The choice that we make should count for something


By Steven Winduo

Early in the morning I had a week ago I had a visitor from my good “brother”and friend,Wangi Giwi who lives in Morata 1.Wangi is from Buang and is the eldest in the family.Ha told me that he had been writing letters to the candidates standing for election in Moresby Northwest and Moresby Northeast.
I laughed at him and told him that the candidates probably have no money to give him at this time of the election .He wanted money to repatriate the body of his uncle to Bulolo in Morobe.
Wangi was convinced that the candidates standing for Pangu would have money to give. He said in Tokpisin, “Em taim blong en nau (It’s time for it now).”
Wangi was following a certain kind of logic. The logic of identification with the individuals rather than with the political party, as the Registrar of Political Parties has been admonishing.
Dr Alphonse Gelu is concerned with the way some of the candidates are carrying on with their campaign strategies, which misses the point about the end result. That is, the party with the largest number after elections will form the next government.
Independent individuals do not form the government.
According to this logic, voters should associate their candidate wit h the political part y he or she stands under. Smal l
parties cannot form a government. A party, with sound policies and stable performance index, that wins more seats will have the right to form the next government.
Wangi, is an ordinary person who was born and raised in Port Moresby. His wife, Leah, is from Baruni village. Between them they have four children,
one they gave away for adoption. Wangi has grandchildren from his eldest daughter. He, like others, do odd jobs around the city to make a living. Wangi and his wife are close to my family–he was responsible for landscaping my house and his beautiful wife looked after my children as well as the house. Wangi’s people live in both Moresby Northwest and Moresby Northeast electorates. Morata and Nine Mile are known places where the Buang people live among other Morobeans. Though they form a distinct group, they live among other ethnic groups from the highlands of Papua New Guinea. It has never been an easy living, but one which is stitched with conflicts and uneasy tension among the different groups in the settlement.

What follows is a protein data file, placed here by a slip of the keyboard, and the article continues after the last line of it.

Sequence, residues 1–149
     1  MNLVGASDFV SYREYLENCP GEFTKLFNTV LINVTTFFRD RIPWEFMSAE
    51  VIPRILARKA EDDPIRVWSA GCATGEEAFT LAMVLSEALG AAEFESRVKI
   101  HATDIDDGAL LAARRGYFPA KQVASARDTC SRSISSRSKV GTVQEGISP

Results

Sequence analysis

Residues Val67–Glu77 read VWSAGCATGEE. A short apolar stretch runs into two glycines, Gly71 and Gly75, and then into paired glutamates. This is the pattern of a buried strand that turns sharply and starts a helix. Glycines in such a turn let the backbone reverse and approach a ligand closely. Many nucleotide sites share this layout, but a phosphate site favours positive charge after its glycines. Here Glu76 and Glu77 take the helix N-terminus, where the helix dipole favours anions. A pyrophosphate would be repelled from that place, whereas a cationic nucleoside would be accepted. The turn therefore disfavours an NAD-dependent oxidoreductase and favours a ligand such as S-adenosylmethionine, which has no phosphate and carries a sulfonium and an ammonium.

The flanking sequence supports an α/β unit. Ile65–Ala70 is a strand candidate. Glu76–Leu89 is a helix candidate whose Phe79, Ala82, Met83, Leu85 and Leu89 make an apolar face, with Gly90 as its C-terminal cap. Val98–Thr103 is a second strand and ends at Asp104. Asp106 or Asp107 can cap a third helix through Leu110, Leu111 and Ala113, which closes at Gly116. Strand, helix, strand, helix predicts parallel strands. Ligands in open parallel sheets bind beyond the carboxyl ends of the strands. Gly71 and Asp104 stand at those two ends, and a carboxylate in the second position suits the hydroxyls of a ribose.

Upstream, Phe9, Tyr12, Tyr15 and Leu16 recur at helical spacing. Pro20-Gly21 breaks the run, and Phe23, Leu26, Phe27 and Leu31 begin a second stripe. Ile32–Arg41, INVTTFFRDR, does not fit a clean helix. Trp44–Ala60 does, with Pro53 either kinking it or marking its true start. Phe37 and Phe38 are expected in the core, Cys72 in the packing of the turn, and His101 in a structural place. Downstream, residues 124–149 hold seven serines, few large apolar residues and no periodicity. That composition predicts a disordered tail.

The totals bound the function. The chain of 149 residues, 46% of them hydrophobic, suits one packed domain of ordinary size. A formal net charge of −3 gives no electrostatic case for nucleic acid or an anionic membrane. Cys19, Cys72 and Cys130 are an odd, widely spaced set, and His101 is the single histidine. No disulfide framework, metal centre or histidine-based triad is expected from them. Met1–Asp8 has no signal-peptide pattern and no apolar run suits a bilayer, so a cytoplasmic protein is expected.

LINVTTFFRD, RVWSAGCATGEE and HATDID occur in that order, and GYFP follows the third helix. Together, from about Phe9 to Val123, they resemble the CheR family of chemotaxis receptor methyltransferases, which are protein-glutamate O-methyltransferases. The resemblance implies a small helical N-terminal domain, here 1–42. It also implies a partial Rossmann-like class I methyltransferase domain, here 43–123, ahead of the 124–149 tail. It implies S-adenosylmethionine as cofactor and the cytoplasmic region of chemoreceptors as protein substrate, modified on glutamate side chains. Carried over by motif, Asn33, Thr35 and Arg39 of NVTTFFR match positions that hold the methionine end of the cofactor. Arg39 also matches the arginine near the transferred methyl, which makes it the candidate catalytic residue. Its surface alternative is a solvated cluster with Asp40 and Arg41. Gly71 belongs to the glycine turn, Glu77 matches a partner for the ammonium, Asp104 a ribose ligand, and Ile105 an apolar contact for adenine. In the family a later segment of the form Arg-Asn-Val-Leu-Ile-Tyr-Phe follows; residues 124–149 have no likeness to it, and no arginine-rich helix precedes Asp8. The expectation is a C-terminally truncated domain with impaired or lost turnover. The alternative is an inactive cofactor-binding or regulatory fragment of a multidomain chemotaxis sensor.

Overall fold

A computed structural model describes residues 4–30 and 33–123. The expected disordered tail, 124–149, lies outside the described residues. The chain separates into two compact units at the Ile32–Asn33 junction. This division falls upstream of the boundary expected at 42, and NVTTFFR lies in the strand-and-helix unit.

Settlements in Port Moresby are also home to senior public servants and those earning good salaries. Housing and high rentals have forced public servants to seek sub-lease and rentals in the settlements. This has changed the demographics of settlements over the years.
Wangi, and others like him, with no formal employment will miss out again on having direct benefits from the leaders they vote into Parliament this month. Over the years Wangi has voted for the Member of Moresby Northwest he has never had any direct benefits from. His family still remains on the margins of society. Wangi is till running around unemployed. When a suffering such as death happens in the
family they scramble around for help from people they know.
It seems Wangi and his lot’s suffering is irrelevant to the Member of Parliament they elected. They will continue to vote in leaders, but the leaders will continue to let them down.
Voting in general elections is an exercise of democracy, but what good is it when the perils of everyday life become ever more precarious each time.
The likes of Wangi or other Papua New Guineans such as those living in Budibudi, a remote atoll in Milne Bay will continue to suffer, if not perish completely from the face of the earth as victims of climate change.
The challenge for any leader is to address the real bread and butter issues that affect many of our people whose suffering we ignore. People are not interested in high ideals and grand ideas promoted through election campaigns.
People are interested in where they will get the money to put food on the table today. People are interested in finding the money to meet the hauskrai and funeral expenses. People want to be
happy in their lives.
Political leadership is not an area I am an expert in, but recognising good leadership from bad leadership is something I have plenty of experience to vouch in. I have my own record of who has performed and who has not as a political leader. I trust my own judgment over these matters of mandating political leaders by way of voting in national elections.
I also have so much confidence in the democratic ideals of our nation. Our Constitution is one of the best in the world and through it we induce the ideas of a free nation. Those who get elected into office must respect the Constitution and live and work in the spirit of the Constitution.
All too often some of our political leaders elected to Parliament seek to test the power of the Constitution. Our scorecard on this indicates there is no improvement.
The best part of election is that it is time for us to change leaders who have failed in their term in office or continue the confidence in a leader who had delivered during his or her term as MP.
The act of voting in election is an absolute power that individuals have in expressing their citizenry. It is absolute because it is one-person-one vote. If it is something else then it is not absolute
The absolute power exercised in the principle enunciated above must translate to tangible returns. If there were tangible returns then the sufferings of Wangi and his fellows on the fringe of
the society would have disappeared. It seems that we haven’t got this right yet.
I write this with absolute confidence

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